Our revenue model with Spire is subscriptions paid by the employer or sponsoring organization. With Rove, the app is free to use, but we generate revenue by offering both Pro Memberships (increased capabilities to individual users) and Pro Leagues (providing admin functionality and oversight).

How did you come up with this idea? 

We’ve actually been beta-testing the idea for Rove for over a year. That idea came out of one of our other products, Spire,
because we saw the impact that step competitions had for employers and their employees. But Spire step competitions were part of a large system, so we wanted to find a way to offer them in a simple, stand-alone format, and to offer this service to individuals who might want this positive experience with friends, family members, or other groups outside of the context of work.

After several months of letting the beta app run, we were delighted to see hundreds of people using the app every day, and tens of thousands of sessions being generated every month. With that validation in hand, we added some core features that our users requested, and officially launched it!

Have you experienced a product pivot?

We believe in rapid iteration, so we are constantly adjusting our strategy to meet the needs of our users and the demands of the market. The biggest adjustments have been shifting our original platform from B2B to B2C, taking our consumer-facing social network and shifting it to serve companies as a means of corporate wellness; fully embracing our “Labs” methodology, and releasing and maintaining multiple products simultaneously, rather than exclusively supporting one.

Who are your competitors and why do you stand out?

The biggest players in the step-tracking space are the device makers like Fitbit or Garmin. Fortunately, we serve as a layer on top of these systems— providing the interconnectedness and cross-platform competitive capabilities that no single device maker would be interested in creating.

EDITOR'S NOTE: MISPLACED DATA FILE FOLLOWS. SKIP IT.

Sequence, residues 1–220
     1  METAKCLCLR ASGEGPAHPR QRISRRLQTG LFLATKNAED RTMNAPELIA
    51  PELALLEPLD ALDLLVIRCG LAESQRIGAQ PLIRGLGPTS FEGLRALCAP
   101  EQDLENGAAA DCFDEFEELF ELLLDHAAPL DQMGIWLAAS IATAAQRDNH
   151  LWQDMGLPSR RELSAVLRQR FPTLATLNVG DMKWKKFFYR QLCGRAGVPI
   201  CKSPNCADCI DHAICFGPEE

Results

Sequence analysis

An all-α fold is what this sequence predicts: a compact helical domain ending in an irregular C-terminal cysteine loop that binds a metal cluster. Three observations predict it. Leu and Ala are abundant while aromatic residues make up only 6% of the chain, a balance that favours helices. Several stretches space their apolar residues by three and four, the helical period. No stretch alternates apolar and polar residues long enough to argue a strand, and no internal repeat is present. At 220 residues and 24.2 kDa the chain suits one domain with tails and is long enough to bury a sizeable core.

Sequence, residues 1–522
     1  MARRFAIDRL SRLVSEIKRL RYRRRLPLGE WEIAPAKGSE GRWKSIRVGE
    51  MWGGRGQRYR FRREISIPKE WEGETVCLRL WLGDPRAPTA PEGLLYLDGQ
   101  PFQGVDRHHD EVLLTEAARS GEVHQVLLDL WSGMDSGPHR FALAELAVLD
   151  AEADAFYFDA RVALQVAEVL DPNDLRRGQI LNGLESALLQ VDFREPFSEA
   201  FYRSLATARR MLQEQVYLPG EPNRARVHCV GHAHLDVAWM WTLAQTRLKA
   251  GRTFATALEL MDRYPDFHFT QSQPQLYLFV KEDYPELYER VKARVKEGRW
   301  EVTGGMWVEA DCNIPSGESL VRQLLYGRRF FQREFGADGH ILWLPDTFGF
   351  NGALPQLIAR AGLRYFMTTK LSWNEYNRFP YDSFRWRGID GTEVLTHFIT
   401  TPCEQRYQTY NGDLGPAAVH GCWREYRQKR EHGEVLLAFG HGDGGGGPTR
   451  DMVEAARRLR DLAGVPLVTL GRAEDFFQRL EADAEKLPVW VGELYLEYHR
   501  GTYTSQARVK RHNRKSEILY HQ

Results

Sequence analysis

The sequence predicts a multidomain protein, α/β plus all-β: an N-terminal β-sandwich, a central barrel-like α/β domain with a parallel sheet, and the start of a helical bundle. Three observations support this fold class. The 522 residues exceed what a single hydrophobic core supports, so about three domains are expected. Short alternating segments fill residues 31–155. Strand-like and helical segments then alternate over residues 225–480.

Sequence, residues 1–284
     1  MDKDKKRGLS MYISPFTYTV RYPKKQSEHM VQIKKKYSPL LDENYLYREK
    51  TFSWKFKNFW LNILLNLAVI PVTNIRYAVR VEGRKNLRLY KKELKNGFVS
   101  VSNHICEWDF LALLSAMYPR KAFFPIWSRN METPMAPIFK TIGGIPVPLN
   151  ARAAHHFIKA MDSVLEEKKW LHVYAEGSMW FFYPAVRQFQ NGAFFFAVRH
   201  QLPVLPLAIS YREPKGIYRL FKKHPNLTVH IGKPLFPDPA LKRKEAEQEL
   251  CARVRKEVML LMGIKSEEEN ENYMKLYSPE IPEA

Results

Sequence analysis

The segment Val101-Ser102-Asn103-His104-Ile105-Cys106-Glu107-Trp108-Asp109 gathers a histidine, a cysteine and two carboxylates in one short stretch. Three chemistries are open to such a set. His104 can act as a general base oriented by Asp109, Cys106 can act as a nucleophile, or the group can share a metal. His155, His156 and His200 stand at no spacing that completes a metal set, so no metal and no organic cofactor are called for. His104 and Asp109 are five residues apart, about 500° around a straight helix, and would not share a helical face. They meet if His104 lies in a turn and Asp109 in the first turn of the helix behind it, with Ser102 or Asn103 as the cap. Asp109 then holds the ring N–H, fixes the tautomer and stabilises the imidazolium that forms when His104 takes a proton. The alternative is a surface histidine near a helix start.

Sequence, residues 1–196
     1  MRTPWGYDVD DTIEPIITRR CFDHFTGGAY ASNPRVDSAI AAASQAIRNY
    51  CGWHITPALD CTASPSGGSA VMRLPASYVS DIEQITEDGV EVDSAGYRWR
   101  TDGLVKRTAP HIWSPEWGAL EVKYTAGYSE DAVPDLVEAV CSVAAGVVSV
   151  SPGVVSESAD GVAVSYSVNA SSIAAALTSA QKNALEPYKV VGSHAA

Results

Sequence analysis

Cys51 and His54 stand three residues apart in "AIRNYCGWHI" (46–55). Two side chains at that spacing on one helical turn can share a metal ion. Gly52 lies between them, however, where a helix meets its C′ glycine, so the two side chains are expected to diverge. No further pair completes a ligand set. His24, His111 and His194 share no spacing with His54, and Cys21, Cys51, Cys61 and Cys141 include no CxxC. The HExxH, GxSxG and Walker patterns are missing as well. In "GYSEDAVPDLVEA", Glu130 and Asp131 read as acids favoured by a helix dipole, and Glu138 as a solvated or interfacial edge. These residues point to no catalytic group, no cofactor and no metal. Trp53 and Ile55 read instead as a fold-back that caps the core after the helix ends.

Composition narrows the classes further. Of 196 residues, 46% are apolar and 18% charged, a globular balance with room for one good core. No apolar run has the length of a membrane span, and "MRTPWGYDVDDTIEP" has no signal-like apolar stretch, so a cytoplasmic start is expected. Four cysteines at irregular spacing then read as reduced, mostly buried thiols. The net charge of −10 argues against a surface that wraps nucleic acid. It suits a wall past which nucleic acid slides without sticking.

What has been your biggest challenge thus far?

The biggest difficulty for us is cutting through the noise. Many people are overwhelmed by technology, all of the apps on their phone and messaging they receive, so we have had to focus on simplifying and searching for people who have the greatest need for our product.

How has Chattanooga been a good place to build your company?

Spire Labs was founded by three recently-graduated college soccer players, with money from Chattanooga-based angel investors, guided by Chattanoogan business people and advisors, hiring a team that all moved to Chattanooga to start working out of our first office.

Despite offers to transition to more well-known tech startup hubs like Silicon Valley and Austin, we decided to keep our roots in the city that launched us, looking for ways to champion this happy mixture of southern charm, outdoor adventure, and cultural renaissance.

What are your next steps?

We’re excited to continue to release products and constantly improve them, to serve the needs of our users. Before the end of the year, we’ll have several updates and at least one major new product to announce!

We are just wrapping up some new funding, but we are always looking for mentors and advisors.

Holly Beilin contributed to article development.